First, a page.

Paradox and Power in Caring Leadership
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Paradox and Power in Caring Leadership

Critical and Philosophical Reflections

Edited by Leah Tomkins

Why does it matter that our leaders care about us? What might we reasonably expect from a caring leader, and what price are we prepared to pay for it? Is caring leadership something ‘soft’, or can it be linked to strategy and delivery? International scholars from the fields of ancient and modern philosophy, psychology, organization studies and leadership development offer a strikingly original debate on what it means for leaders to care.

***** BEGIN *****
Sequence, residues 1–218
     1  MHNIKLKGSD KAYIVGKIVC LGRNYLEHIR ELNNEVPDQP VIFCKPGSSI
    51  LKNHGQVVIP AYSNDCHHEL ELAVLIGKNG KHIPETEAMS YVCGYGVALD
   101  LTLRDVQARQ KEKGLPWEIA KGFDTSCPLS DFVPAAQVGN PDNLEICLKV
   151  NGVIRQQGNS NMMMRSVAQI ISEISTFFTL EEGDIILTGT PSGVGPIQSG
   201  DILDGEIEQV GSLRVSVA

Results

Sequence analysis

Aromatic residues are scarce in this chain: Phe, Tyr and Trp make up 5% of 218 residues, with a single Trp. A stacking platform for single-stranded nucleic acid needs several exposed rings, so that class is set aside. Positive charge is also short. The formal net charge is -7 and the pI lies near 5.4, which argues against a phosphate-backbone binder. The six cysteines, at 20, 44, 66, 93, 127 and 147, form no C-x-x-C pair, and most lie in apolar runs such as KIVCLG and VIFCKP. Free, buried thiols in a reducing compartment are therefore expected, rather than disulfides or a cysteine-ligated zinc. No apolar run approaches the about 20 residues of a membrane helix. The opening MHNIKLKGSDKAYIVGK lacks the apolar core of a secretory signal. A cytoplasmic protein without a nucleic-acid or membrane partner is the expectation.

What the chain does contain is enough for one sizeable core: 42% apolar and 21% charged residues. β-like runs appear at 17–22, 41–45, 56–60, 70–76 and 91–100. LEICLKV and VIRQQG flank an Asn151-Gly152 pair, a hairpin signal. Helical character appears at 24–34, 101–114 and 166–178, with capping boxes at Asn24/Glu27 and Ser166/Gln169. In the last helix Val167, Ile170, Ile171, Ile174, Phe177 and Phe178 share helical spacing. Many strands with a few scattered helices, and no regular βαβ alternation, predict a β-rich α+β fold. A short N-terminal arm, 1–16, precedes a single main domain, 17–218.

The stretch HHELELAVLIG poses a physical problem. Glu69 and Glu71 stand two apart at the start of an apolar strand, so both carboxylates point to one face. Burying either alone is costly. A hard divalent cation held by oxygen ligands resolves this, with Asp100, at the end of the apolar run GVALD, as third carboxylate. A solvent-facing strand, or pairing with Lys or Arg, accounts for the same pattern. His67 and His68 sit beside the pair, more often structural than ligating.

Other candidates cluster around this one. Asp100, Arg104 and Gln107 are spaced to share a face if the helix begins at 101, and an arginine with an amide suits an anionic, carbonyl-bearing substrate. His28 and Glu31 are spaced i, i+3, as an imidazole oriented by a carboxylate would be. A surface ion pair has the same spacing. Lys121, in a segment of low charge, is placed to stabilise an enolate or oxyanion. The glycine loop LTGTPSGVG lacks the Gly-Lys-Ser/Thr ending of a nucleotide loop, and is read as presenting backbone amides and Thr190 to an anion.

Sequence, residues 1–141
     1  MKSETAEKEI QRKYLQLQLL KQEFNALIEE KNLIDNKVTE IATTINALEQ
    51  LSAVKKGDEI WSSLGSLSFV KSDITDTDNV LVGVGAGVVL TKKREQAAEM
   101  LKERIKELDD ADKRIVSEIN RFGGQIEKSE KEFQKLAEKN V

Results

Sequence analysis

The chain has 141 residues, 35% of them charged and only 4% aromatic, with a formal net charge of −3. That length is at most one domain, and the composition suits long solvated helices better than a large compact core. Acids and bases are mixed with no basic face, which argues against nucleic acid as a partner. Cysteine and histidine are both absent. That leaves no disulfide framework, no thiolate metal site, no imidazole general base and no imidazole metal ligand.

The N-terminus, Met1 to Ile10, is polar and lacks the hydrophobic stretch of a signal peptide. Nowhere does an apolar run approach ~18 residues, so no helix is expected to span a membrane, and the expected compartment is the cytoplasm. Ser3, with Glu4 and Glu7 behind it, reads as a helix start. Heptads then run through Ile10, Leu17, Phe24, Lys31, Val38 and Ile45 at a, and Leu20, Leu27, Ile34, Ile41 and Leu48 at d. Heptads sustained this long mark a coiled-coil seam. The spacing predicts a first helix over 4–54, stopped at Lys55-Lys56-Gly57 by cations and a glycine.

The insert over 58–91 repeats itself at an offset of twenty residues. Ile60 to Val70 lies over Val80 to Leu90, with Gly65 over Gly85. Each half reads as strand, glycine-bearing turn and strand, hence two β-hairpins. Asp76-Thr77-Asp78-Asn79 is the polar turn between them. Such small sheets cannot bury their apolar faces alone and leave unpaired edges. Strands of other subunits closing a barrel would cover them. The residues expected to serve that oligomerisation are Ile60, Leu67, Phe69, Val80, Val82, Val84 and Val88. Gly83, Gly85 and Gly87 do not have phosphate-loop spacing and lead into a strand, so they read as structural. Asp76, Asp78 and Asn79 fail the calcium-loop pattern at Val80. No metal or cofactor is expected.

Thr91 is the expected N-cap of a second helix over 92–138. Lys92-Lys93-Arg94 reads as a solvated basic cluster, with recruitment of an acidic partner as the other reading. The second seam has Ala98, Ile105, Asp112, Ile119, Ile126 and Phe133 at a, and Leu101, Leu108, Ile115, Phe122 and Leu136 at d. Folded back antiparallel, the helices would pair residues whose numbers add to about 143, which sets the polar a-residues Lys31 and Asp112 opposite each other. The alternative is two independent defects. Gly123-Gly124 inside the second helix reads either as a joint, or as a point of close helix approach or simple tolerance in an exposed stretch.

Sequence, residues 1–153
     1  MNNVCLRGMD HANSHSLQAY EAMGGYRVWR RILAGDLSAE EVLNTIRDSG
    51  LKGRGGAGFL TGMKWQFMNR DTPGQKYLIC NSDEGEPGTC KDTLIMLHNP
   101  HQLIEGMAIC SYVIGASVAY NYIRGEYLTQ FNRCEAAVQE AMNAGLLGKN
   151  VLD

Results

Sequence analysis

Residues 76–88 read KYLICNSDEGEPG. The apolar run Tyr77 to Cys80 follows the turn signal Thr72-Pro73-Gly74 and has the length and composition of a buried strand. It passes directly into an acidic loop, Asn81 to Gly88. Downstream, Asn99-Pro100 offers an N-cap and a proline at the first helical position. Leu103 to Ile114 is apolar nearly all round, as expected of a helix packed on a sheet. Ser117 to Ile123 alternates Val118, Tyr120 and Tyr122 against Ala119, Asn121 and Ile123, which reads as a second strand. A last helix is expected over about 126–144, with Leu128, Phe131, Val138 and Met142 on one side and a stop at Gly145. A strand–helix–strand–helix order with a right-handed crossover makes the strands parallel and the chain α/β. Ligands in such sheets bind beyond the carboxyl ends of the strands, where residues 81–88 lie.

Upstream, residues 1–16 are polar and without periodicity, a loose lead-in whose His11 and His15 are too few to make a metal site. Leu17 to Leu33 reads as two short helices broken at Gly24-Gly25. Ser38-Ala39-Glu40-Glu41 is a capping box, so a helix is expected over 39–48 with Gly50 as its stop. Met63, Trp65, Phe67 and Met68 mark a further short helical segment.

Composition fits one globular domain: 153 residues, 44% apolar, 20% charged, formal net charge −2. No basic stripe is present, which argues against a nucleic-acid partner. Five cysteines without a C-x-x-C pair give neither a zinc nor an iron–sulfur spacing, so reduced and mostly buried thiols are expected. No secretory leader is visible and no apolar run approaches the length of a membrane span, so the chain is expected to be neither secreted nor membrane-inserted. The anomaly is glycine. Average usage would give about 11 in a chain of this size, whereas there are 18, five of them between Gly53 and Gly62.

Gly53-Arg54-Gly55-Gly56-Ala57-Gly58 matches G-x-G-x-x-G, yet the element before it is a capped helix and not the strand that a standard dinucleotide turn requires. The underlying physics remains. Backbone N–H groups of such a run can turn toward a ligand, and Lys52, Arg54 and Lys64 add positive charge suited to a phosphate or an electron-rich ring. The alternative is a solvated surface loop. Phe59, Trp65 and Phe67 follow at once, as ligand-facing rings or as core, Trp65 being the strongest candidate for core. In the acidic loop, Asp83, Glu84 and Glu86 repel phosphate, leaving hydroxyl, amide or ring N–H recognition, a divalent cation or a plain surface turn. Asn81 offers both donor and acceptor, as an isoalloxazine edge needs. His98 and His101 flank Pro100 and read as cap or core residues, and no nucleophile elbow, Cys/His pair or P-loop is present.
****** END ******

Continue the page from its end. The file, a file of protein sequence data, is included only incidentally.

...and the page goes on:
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Chapter 12: Pater figure: leaders, emperors and fathers in Seneca and Stoicism

Liz Gloyn

Abstract

This chapter draws on Seneca’s Roman Stoic philosophy to consider the relationship between care and clementia, on which Seneca bases his leadership development of the Emperor Nero. For Seneca, clementia is crucial as a check on absolute power, that is, as a way for power to unfold paradoxically through not being exercised. Connecting with distinctions between power-over and power-to, it proposes the power-to-not as a way of crystallising the interplay of clementia and care. Such power-to-not is nurtured through care (both for/about and from others), and practised through the self-restraint of clementia. Care is thereby implicated in symmetry, because it helps to deliver fairness and justice, but also in asymmetry, because it reinforces the absolute dominion of the Emperor, keeping him secure from the threat of rebellion or assassination. Both clementia and care are vital sources and stabilisers of power.

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